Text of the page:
I am a doctoral student in the Clinical Psychology program at Boston University. Originally from California, I received a B.A. degree in Psychology from Princeton University and then worked as a research assistant for 2 years at the NYU Child Study Center. While at NYU, I worked on clinical-behavioral and functional brain imaging studies focusing on individuals (children, teens, and young adults) with autism spectrum disorder and attention-deficit hyperactivity disorder. While in graduate school, I am interested in researching the cultural health disparities affecting individuals with autism and their families. I am currently working on studies examining different cultural perspectives related to having a child with autism and developing an intervention for future planning for siblings of adults with autism.
Jenna Sandler Eilenberg
I am a doctoral student in the Clinical Psychology program at Boston University. I received a B.S. degree in Psychology from the University of Florida and a Master’s in Public Health from Boston University. After graduation, I worked in Pediatrics at Boston Medical Center, where I coordinated outcome assessment for a series of studies evaluating a depression prevention intervention for low-income, urban mothers. I then transitioned to the BU School of Public Health, where I worked as a project manager on a clinical trial aiming to improve early identification and service linkage for young children at risk for autism spectrum disorder. During graduate school, I am interested in researching the role of cultural and family factors in the transition from adolescence to adulthood for youth with autism.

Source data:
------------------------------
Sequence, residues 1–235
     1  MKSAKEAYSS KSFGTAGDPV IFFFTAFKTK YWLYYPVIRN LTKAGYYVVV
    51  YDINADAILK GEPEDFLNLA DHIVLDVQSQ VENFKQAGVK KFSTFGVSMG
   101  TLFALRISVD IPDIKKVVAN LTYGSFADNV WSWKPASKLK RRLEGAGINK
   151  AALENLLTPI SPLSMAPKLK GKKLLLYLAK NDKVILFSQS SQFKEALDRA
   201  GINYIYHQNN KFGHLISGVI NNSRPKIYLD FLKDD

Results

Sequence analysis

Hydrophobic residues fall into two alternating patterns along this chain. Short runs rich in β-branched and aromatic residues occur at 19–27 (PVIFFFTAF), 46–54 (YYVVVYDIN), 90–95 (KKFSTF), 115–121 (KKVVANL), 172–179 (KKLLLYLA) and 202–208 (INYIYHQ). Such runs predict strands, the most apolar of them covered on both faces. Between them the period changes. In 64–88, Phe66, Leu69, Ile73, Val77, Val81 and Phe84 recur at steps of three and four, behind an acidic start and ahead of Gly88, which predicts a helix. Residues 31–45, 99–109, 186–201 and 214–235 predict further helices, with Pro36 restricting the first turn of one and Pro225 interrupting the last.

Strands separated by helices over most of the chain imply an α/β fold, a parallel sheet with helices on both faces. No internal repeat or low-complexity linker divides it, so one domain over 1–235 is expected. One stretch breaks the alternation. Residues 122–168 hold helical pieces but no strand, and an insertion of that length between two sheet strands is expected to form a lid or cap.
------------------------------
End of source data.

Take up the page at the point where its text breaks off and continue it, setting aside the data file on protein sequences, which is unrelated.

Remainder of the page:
I am a doctoral student in the Clinical Psychology program at Boston University. I received a B.A. in Psychology from Spelman College, where I primarily conducted qualitative research on familial well-being through narratives in college-aged students. I also conducted research at the Children’s Hospital of Philadelphia (CHOP) identifying factors involved in parental decision-making and its impact on pediatric patients with chronic illness. I then conducted research at Children’s National Health System, investigating the role of caregiver employment and knowledge of child’s disease history in the context of caregiving stress. While in graduate school, I am specifically interested in researching how external factors, such as social determinants of health, affect quality of life and psychosocial outcomes in pediatric patients with a chronic illness, especially Sickle Cell Disease.